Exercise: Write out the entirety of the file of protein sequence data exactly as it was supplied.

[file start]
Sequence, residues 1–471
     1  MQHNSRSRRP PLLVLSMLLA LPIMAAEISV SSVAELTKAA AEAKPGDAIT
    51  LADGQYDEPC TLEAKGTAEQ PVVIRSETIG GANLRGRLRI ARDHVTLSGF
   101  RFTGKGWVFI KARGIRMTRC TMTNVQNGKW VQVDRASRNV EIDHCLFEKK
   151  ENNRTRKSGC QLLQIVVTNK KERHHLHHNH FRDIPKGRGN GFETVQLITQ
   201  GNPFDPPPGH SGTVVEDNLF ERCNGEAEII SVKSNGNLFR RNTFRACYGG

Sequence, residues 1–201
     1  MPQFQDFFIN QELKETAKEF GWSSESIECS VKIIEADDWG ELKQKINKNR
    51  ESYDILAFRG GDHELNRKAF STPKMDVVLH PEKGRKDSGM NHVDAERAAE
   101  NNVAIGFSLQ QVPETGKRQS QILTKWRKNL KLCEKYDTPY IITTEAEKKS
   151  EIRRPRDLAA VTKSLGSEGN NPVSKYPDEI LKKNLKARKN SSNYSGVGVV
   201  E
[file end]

Sequence, residues 1–471
     1  MQHNSRSRRP PLLVLSMLLA LPIMAAEISV SSVAELTKAA AEAKPGDAIT
    51  LADGQYDEPC TLEAKGTAEQ PVVIRSETIG GANLRGRLRI ARDHVTLSGF
   101  RFTGKGWVFI KARGIRMTRC TMTNVQNGKW VQVDRASRNV EIDHCLFEKK
   151  ENNRTRKSGC QLLQIVVTNK KERHHLHHNH FRDIPKGRGN GFETVQLITQ
   201  GNPFDPPPGH SGTVVEDNLF ERCNGEAEII SVKSNGNLFR RNTFRACYGG

Sequence, residues 1–201
     1  MPQFQDFFIN QELKETAKEF GWSSESIECS VKIIEADDWG ELKQKINKNR
    51  ESYDILAFRG GDHELNRKAF STPKMDVVLH PEKGRKDSGM NHVDAERAAE
   101  NNVAIGFSLQ QVPETGKRQS QILTKWRKNL KLCEKYDTPY IITTEAEKKS
   151  EIRRPRDLAA VTKSLGSEGN NPVSKYPDEI LKKNLKARKN SSNYSGVGVV
   201  E